[EM] Monotonicity and the Muller-Satterthwaite Theorem
matt at tidalwave.net
matt at tidalwave.net
Sat Oct 26 08:01:14 PDT 2002
On 25 Oct 2002 at 12:38, Alex Small wrote:
> This definition of monotonicity, although certainly valid and perhaps
> useful for some analyses, is more restrictive than the one I've always
> heard. Roughly speaking, this definition states that as long as A does
> not _lose_ any support he should still win. This is more restrictive than
> saying that A should still win if voters upgrade their ranking of A
> without changing the relative rankings of other candidates.
> Hmm, I'm not sure if any ranked methods pass that criterion. I'd have to
> think about it. Anyway, it's something to be aware of when discussing
> election methods with other people: If we say "Condorcet is monotonic"
> they might come back with a definition of monotonicity that Condorcet does
> not pass. The argument then becomes "What does this word mean?" rather
> than "Is this feature of a given method undesirable?"
D R Woodall defines various versions of monotocity in his article Properties of
Preferential Election Rules. A still wins if A's ranking is raised is called Mono-
Raise. It is usefull to divide monotocity into narrower versions not only for greater
clarity, but also because not all variations of monotonicity appear to have equal
merit and because different variations of monotonicity are members of sets of
fairness criteria that conflict with different alternative sets of fairness criteria.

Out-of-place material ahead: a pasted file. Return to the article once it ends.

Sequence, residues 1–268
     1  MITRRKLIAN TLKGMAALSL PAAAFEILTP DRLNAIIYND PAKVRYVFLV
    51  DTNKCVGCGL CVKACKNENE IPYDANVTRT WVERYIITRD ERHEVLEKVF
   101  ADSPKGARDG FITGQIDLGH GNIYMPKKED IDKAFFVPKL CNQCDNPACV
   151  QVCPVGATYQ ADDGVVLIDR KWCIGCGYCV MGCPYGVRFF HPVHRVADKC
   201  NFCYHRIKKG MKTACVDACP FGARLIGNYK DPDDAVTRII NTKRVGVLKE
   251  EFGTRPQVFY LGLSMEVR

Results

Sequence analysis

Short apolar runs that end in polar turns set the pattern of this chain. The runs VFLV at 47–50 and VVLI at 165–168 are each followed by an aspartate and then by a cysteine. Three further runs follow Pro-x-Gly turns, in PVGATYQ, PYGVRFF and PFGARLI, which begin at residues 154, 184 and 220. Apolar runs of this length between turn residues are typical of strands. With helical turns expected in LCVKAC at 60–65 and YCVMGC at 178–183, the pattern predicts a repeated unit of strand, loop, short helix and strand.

In particular, Woodall claims that any method that satisifies Condorcet will fail 4
different versions of monotonocity (raise-random, sub-top, raise-delete, and sub
plump), Participation, Later-no-help and Later-no-harm (some STV advocates
regard these latter two as being important, however violating both does not
necessary create any practical strategy opportunity due to unpredictability of which
violation will occur and equal probability of both occuring). He also claims that if a
Condorcet method passes Plurality then it fails Mono-add-top.
I recommend that election method researchers 1) argue the relative merit of these
different versions of monotonicity 2) identify which of these versions of monotonicity
the particular methods they are interested in pass and 3) discuss the
frequency/impact of the failures for those methods. I have not yet seen a
discussion at this level of detail for the leading Condorcet methods.
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